She poured herself a cup of coffee…

At the present time, I’m working on five different stories. Do other writers work on this many? I get the funny feeling that I’m spreading myself a little too thin here. Yet, I can’t help it. I’m afraid to leave a story idea as just that, an idea. I’m afraid I’ll lose my train of thought on what I believe will be a good tale to tell.

In all of my stories, there’s a protagonist (main character) who drinks coffee. This is THE reason why I picked this prompt at Writing.Com.

She poured herself a cup of coffee...
Image provided by
James Cridland @ https://www.flickr.com/photos/jamescridland/

Diane drew the shade up to see what type of day it was going to be. She had learned long ago not to trust the weatherman on TV, or what the forecasts were in the newspaper or on the Internet. The only way to have any inkling of what type of weather was going to occur was to just look out the window and gaze into the western sky. According to what she saw this time, the day looked as though it might bring some moisture. Because it was autumn, that could mean either rain or snow. One thing seemed to be certain — a day for long sleeves.

After wriggling into her robe and scuffs, she moseyed to the kitchen, rubbing the sleepy out of her eyes as she went. Her routine was always the same — set up the coffee maker to start dripping the Java into the glass pot, make a quick trip outside to retrieve the morning paper and check her answering machine for messages.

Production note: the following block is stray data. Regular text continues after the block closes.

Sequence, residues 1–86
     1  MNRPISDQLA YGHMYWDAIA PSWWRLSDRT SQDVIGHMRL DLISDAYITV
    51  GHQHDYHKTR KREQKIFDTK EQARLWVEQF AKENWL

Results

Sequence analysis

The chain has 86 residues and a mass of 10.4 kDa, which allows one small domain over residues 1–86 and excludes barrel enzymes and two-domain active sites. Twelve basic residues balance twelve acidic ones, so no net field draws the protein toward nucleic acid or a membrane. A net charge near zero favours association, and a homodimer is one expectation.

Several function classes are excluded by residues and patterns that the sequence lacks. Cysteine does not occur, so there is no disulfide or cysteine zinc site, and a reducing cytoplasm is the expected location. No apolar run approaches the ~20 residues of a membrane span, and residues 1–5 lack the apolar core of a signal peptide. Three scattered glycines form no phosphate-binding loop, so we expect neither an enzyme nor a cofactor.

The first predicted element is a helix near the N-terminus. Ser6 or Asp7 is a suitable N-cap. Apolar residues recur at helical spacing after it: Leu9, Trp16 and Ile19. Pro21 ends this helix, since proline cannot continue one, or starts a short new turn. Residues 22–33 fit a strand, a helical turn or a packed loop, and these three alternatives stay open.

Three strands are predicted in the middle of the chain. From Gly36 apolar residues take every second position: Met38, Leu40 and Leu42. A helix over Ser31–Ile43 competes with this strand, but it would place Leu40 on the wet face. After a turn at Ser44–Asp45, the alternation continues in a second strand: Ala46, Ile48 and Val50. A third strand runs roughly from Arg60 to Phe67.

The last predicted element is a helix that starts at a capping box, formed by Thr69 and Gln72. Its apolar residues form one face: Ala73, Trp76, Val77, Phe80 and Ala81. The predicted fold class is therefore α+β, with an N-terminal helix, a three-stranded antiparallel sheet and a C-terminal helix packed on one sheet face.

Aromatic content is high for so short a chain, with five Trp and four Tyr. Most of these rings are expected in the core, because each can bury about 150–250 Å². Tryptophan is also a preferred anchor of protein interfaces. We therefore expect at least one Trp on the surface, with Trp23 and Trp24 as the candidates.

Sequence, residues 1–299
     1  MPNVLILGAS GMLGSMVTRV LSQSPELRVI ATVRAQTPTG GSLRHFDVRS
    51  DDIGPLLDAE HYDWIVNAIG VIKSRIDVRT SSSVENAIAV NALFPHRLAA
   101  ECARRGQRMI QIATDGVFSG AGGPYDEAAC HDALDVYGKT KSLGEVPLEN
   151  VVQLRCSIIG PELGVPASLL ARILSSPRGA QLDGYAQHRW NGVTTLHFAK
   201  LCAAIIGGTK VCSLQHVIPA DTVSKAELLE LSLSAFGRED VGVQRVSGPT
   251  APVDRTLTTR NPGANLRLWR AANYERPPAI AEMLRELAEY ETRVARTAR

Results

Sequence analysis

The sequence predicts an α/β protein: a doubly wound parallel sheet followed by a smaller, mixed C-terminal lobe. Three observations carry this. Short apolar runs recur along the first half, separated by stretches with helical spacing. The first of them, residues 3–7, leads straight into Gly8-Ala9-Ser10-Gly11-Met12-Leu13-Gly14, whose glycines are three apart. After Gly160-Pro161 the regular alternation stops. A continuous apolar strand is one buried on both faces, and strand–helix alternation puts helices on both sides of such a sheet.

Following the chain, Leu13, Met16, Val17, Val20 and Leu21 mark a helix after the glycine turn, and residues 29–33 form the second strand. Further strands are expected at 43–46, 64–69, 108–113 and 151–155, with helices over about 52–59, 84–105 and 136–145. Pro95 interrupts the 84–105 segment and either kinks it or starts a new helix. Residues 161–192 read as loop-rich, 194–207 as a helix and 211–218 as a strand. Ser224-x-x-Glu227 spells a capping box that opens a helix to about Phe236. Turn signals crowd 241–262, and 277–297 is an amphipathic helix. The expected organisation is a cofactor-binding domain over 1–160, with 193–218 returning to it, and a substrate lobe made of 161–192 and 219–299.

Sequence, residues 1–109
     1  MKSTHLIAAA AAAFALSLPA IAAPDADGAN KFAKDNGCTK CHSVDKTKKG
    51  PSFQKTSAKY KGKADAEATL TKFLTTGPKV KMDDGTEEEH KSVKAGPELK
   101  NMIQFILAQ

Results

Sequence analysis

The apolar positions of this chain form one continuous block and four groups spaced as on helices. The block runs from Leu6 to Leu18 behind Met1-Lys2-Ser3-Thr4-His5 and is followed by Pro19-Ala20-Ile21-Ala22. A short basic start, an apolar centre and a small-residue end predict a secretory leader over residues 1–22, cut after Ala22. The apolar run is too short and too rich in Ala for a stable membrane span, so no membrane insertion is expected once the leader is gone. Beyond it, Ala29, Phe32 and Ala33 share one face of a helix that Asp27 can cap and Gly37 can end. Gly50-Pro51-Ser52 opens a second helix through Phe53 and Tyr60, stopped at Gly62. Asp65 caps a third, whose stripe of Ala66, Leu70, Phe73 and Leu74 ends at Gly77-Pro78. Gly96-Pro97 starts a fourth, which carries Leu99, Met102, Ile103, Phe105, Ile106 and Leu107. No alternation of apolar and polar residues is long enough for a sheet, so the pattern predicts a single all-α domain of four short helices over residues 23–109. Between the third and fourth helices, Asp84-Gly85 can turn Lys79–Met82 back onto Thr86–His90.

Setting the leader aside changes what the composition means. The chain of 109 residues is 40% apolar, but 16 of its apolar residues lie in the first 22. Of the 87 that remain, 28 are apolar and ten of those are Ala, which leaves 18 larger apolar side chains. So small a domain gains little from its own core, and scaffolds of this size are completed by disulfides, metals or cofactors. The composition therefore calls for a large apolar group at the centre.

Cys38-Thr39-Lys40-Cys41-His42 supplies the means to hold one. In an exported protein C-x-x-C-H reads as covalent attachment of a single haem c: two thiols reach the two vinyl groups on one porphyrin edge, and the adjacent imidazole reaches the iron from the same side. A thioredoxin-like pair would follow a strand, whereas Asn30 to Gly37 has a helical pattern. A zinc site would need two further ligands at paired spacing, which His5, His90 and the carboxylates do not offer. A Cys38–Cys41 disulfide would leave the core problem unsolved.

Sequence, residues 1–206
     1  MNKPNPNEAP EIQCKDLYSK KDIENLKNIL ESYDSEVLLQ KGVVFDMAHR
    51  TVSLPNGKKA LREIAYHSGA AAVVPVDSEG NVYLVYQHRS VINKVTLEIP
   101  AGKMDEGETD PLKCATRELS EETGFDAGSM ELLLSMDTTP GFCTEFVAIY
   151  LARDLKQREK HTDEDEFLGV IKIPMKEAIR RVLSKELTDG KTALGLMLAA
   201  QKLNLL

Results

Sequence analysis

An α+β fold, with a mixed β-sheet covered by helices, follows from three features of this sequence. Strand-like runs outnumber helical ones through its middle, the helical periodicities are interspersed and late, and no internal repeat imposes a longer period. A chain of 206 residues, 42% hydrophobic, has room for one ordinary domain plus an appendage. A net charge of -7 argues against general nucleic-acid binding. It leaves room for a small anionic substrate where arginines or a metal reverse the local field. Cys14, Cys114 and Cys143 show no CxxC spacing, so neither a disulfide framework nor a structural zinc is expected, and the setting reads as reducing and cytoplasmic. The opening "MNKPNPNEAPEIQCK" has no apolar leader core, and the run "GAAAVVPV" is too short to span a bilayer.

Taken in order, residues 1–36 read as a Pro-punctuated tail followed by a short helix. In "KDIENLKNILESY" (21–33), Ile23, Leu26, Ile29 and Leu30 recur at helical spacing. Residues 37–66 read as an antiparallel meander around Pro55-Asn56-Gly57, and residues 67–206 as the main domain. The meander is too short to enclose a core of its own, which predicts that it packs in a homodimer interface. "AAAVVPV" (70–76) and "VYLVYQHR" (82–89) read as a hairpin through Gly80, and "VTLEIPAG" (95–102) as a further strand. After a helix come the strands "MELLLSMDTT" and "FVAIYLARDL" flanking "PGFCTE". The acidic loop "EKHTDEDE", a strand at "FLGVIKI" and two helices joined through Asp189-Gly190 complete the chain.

Seeing that the phone had been silent during the previous evening and night, she turned her attention to the front page of the paper. Her little town currently suffered from vandalism. If it had been something like tearing down mailboxes, Diane wouldn’t think of it as a big deal, but the criminals were pulling apart power lines, putting sections of town in a frenzy because of not having electricity or natural gas. What was they’re purpose in this, she wondered.

She laid the paper on the kitchen table and got a mug out of the cupboard. She poured herself a cup of coffee, pulled out a chair and laid the newspaper out so that she could read the whole article. Sitting down, she continued to read. The delinquents seemed to be targeting only within the city limits. She took a sip of coffee and sighed. There is something good to be said about living beyond the city limits in the wilds of the county, knock on wood.

She turned her chair as she fixed her mind to what was going outside in her backyard. There were three bunnies scurrying around in the dry grass, stopping once in a while to nibble on some of the longer blades. The mother sat at the edge of the thicket beyond Diane’s property, keeping a watchful eye on her babies. A crow flew overhead. The mother rabbit stomped her back foot and her children went scampering toward her.

As she sipped her hot coffee, she contemplated what she wanted to get done today. There was the laundry, bills to paid and get into the mail, and that copy write assignment she needed to complete. There wasn’t a lot on her agenda, just enough to keep her busy.